Courtesy of Politico
By Eva Lynch
Roger Stone, a political consultant and convicted felon, remains one of the few clear victims of the infamous Mueller Report.
Stone was convicted on seven counts following the release of the controversial report and awaited sentencing for ten months. Less obvious than his guilt is the appropriate sentencing; prosecutors publicly called for seven to nine years, President Donald Trump quickly took to Twitter to slam this request, and his Justice Department quickly followed with a recommendation of a lighter sentence. All four prosecutors resigned from the case following the DOJ’s memorandum, and Senate Minority Leader Chuck Schumer demanded an investigation thereof.
Then in February 2020, Stone was sentenced to 40 months in prison.
U.S. District Court Judge Amy Berman Jackson, who handed Stone his sentence, said in her closing remarks, “He was not prosecuted, as some have complained, for standing up for the president. He was prosecuted for covering up for the president.”
Stone was expected to fight his sentencing and made the first step in doing so by motioning for a retrial on counts of misconduct and bias by the jury foreperson, Tomeka Hart. Hart once ran for Congress in Tennessee as a Democrat, and her voiced hatred for Trump is etched in her social media. Before receiving his sentencing and filing a motion for retrial, Stone and his legal team denied the time to check into Hart’s background and to object to her seating on the jury.
Jackson denied this motion with an 81-page response in which she called the motion “a tower of indignation, but at the end of the day, there is little of substance holding it up.”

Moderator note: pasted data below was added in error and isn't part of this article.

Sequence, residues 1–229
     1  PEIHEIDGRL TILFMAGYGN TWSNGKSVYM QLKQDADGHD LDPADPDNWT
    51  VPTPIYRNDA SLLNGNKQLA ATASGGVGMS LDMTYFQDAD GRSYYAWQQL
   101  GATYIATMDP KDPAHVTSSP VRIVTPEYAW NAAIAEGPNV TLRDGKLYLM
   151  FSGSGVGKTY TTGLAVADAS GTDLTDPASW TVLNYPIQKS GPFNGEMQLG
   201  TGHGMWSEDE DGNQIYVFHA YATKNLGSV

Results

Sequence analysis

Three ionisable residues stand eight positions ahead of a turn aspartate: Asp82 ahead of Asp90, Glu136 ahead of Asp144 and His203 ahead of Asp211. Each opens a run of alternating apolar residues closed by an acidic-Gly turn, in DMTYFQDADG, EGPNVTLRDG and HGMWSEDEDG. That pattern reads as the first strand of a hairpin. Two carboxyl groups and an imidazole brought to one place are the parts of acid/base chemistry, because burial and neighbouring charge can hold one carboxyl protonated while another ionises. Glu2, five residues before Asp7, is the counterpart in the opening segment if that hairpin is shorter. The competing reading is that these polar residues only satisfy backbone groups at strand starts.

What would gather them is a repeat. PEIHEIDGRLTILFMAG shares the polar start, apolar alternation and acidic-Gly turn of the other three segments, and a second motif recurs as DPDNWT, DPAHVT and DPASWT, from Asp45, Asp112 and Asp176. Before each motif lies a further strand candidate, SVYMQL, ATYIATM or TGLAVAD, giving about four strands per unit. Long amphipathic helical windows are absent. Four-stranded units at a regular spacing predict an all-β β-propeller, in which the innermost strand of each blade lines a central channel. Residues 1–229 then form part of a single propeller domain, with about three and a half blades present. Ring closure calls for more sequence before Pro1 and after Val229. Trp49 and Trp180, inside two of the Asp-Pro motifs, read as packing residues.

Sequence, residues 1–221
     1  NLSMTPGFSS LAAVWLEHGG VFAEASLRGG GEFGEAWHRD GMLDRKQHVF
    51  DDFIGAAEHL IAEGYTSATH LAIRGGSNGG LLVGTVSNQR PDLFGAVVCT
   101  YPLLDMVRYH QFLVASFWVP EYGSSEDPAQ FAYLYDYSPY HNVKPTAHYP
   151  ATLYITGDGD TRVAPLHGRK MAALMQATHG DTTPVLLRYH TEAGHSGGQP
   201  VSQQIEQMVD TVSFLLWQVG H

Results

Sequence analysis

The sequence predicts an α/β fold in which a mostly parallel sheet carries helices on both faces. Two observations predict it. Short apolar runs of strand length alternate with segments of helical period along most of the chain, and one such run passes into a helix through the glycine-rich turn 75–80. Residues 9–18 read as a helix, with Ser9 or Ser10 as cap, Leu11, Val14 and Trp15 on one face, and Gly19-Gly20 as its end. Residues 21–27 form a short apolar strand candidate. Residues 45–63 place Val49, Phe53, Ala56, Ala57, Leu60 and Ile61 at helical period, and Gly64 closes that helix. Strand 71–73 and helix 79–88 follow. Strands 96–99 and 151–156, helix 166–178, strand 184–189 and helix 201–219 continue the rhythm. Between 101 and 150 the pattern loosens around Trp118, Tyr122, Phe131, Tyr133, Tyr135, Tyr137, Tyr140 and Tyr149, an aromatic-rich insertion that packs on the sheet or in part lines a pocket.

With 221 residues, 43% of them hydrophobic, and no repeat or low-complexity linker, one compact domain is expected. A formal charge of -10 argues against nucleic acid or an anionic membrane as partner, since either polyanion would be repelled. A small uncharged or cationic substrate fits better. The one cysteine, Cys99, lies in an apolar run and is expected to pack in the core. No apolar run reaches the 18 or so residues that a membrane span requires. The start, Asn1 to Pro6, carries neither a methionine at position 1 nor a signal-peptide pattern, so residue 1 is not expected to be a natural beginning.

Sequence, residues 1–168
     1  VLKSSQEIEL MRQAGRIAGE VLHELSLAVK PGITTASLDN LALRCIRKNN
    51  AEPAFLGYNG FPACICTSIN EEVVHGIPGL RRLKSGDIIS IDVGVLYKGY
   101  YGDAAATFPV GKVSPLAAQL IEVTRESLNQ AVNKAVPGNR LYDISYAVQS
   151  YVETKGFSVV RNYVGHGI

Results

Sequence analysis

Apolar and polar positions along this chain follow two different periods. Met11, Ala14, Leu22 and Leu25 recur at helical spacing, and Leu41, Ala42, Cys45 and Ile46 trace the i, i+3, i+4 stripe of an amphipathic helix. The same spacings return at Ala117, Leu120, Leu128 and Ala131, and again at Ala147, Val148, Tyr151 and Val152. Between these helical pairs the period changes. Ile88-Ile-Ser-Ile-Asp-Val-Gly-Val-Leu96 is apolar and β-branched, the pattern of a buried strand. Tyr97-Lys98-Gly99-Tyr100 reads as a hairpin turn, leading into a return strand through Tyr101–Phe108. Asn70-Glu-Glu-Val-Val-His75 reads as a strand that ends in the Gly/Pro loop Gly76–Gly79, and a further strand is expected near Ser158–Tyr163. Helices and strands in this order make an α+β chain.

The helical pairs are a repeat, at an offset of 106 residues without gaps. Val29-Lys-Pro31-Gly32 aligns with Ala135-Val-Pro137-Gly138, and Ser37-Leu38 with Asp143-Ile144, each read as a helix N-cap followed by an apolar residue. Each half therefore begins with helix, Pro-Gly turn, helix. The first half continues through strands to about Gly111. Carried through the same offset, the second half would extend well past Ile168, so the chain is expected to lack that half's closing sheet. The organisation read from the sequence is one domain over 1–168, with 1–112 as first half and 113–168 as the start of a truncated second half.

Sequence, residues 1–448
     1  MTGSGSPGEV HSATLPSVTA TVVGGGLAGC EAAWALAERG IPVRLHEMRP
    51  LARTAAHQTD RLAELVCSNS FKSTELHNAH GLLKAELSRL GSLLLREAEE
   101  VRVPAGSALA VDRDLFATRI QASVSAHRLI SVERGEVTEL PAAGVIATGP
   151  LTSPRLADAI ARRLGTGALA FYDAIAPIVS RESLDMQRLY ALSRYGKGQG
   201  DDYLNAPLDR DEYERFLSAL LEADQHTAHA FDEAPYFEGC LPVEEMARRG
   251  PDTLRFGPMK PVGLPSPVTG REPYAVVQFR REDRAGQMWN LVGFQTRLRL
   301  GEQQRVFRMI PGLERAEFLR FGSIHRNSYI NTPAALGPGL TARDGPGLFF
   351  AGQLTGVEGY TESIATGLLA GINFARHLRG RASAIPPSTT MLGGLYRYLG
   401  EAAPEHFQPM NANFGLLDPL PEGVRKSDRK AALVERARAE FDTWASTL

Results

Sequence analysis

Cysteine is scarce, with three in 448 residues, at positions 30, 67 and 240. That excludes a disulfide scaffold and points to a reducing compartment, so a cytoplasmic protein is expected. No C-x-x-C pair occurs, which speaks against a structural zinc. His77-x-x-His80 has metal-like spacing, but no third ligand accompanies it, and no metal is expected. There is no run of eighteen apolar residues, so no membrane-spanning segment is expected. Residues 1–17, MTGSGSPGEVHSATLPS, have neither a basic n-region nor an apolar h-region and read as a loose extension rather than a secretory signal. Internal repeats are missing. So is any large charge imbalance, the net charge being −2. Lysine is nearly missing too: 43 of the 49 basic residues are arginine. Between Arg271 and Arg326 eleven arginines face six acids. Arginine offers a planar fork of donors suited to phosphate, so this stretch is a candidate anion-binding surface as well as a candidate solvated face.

Trump took to Twitter following Stone’s sentencing to respond: “There has rarely been a juror so tainted as the forewoman in the Roger Stone case. Look at her background. She never revealed her hatred of ‘Trump’ and Stone. She was totally biased, as is the judge. Roger wasn’t even working on my campaign. Miscarriage of justice. Sad to watch!”
Stone is expected to report to prison in two weeks, but amidst the current pandemic, this timeline is now blurred. Stone is also expected to appeal his convictions and sentencing, though an appeal will have no effect on his prison start date without a stay from Jackson or a higher court.
Many of Stone’s critics argue that because he was obviously guilty of the counts on which he was convicted, further contention of his conviction and sentencing, represent flaunting of political clout aimed at nothing but to avoid jail time. The conviction of Trump’s friend invariably put pressure on him to respect and side with the judge and jury, or to pull his presidential weight and pardon his consultant. The timing of such a choice could not be more meaningful for Trump.
The president is expected to decide in the coming months whether to issue a pardon for his longtime advisor and prevent Stone from having to celebrate his 70th birthday behind bars. When asked how he felt after his motion for retrial was denied, Stone said he is asking for a pardon from President Trump, and replied, “The matter is in God’s hands. While my new lawyers are excellent, and our legal options are many, the next act in my career will be guided by Jesus Christ, and I have placed full faith in Him.”